Why is the background of the astronaut’s exit image dark?
Star rays ‘filtered’ by cameras
Yang Yuguang, vice chairman of the International Astronautical Union Space Transportation Committee, told a reporter from Science and Technology Daily that it was not the “weird disappearance” of these stars that caused this phenomenon, but the result of the “choice” of the camera’s exposure parameters. Stars in photos or videos are “invisible” in deep space.
“The stars are the dimmer subjects in the universe. Conversely, the space station and astronauts are very bright when illuminated by the sun. The camera cannot ‘see’ both bright objects and very dim objects at the same time. How to choose the object? Obviously, during the outboard activities, it is the primary task to clearly capture the details of the astronauts, space station modules and the earth, that is, to set the corresponding camera exposure parameters based on bright objects.” Yang Yuguang said.
Specifically, when the camera locks on the space station and the astronauts who are out of the cabin, because the space station and the astronauts are very bright, the camera must control the amount of light entering and reduce the exposure time in order to capture normal exposure pictures. This low-value adjustment of exposure and aperture inevitably “filters out” the faint glow of stars in space, so the resulting picture is a dark night sky with no stars on it.
If you want to shoot relatively dim stars, the camera needs to increase the amount of light and increase the exposure time. However, this will cause the space station and astronauts in the picture to appear “overexposed” and become white. “The stars in the universe have always been there, it’s just that we artificially ‘ignored’ the stars by adjusting the camera in order to capture the ideal picture of the astronauts exiting the cabin.” Yang Yuguang concluded.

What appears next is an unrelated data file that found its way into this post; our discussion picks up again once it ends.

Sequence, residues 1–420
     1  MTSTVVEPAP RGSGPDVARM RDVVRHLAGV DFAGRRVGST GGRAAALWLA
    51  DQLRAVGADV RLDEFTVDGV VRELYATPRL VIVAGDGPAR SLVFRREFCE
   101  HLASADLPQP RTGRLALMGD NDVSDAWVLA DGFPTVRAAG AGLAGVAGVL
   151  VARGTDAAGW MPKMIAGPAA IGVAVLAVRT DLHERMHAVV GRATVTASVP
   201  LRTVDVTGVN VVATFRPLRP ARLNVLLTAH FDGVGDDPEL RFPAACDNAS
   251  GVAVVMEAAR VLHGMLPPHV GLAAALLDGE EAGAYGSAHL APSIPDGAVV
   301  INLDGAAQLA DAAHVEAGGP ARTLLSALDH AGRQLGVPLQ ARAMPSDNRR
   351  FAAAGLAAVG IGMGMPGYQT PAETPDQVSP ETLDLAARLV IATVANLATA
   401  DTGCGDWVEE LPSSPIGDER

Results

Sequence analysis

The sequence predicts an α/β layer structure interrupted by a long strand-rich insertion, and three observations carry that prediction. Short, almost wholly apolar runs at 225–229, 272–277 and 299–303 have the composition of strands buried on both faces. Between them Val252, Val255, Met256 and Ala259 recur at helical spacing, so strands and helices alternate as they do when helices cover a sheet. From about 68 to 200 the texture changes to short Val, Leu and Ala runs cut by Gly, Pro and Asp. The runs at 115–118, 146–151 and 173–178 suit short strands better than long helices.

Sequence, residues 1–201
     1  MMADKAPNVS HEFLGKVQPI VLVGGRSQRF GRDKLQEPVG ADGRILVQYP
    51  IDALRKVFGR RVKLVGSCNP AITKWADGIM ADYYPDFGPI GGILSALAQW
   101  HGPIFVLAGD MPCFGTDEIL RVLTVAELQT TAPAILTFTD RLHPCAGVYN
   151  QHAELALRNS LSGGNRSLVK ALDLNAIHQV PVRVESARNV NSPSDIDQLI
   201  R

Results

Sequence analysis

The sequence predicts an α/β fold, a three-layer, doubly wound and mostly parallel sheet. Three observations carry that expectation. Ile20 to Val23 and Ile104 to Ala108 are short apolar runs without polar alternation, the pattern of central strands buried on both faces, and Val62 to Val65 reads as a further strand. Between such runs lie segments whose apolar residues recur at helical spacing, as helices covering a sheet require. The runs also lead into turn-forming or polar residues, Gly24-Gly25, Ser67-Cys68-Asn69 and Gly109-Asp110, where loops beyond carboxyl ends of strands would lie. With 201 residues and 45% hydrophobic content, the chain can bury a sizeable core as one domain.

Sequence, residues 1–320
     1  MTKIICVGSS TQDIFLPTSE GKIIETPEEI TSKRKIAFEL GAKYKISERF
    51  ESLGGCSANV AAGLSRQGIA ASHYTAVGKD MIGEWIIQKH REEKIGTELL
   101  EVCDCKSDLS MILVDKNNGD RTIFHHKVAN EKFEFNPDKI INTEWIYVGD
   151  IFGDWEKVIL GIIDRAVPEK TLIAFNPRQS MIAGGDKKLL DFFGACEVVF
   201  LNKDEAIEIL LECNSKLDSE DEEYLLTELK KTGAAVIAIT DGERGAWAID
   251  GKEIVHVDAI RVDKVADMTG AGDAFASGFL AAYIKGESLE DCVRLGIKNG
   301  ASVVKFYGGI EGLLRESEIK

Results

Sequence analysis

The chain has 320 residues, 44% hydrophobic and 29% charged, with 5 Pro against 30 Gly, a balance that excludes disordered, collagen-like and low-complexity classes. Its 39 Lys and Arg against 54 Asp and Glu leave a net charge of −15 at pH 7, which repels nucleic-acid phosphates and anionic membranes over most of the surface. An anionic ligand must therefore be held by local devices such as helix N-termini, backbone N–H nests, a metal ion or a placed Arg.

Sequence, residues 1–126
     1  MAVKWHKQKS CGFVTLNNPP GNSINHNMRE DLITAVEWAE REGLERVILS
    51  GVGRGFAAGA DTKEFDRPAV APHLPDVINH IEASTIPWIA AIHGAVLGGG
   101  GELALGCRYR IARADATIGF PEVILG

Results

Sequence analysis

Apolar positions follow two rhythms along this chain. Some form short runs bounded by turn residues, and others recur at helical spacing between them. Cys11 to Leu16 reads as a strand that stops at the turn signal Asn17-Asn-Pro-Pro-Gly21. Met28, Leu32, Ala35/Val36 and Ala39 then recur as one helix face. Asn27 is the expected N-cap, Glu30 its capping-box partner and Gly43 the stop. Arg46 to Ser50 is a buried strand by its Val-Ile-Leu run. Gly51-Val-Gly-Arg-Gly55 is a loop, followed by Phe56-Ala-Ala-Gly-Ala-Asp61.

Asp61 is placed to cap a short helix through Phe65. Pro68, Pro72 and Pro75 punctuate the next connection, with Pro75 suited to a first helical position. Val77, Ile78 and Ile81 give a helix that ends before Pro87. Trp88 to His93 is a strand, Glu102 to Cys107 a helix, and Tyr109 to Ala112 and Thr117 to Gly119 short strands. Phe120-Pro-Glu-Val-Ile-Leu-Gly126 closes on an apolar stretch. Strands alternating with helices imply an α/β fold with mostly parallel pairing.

What is the difference between seeing stars in space
The pictures of the astronauts exiting the cabin “filtered” the stars, so can the astronauts in space see the stars? Is it the same as the stars we see on Earth?
Ping Jinsong, a researcher at the National Astronomical Observatory of the Chinese Academy of Sciences, pointed out that there is no atmospheric scattering in space, and sunlight travels in straight lines, so the entire space will not be illuminated. In dark space, astronauts can see the sky full of stars.
“When an astronaut first steps out of the hatch, if he looks at the earth, his eyes are adapted to bright things, but when he looks up at the dark universe, he may not be able to see the stars for a while. But the human eye is very adaptable, and the eyes adapt to After darkness, you can see the stars.” Yang Yuguang said.
On October 15, 2003, astronaut Yang Liwei took the Shenzhou-5 manned spacecraft and opened the first space gaze of Chinese astronauts. According to his recollection, the moon and stars seen in space were clearer and brighter, and the stars did not “blink”.
On September 27, 2008, astronaut Zhai Zhigang got out of the Shenzhou 7 manned spacecraft, the first time Chinese people “walked in space”. The space in front of him “can’t see the end at a glance”, and he sees “much more stars than on Earth”.
On December 9, 2021, at the “Tiangong Classroom” of the Chinese Space Station, astronaut Wang Yaping revealed that astronauts can see the sunrise 16 times a day because the space station circles the earth every 90 minutes.
“The stars that astronauts see in space are indeed different from what we see on Earth.” Yang Yuguang said that the earth is blocked or interfered by factors such as atmosphere and artificial light sources, making the starlight weaker, and it will also “a Twinkle twinkle,” and fewer stars are visible to the naked eye. In space, because there is no atmospheric barrier or occlusion, the stars viewed by astronauts have three characteristics: less twinkling, clearer and brighter, and more stars.
Ping Jinsong also said that space is a vacuum, and there is no atmospheric turbulence, so the stars will not “blink”, only the stars are scattered, and there are no stars twinkling. Therefore, there will be no halos or halos around stars, planets or the moon, and the stars will be more translucent.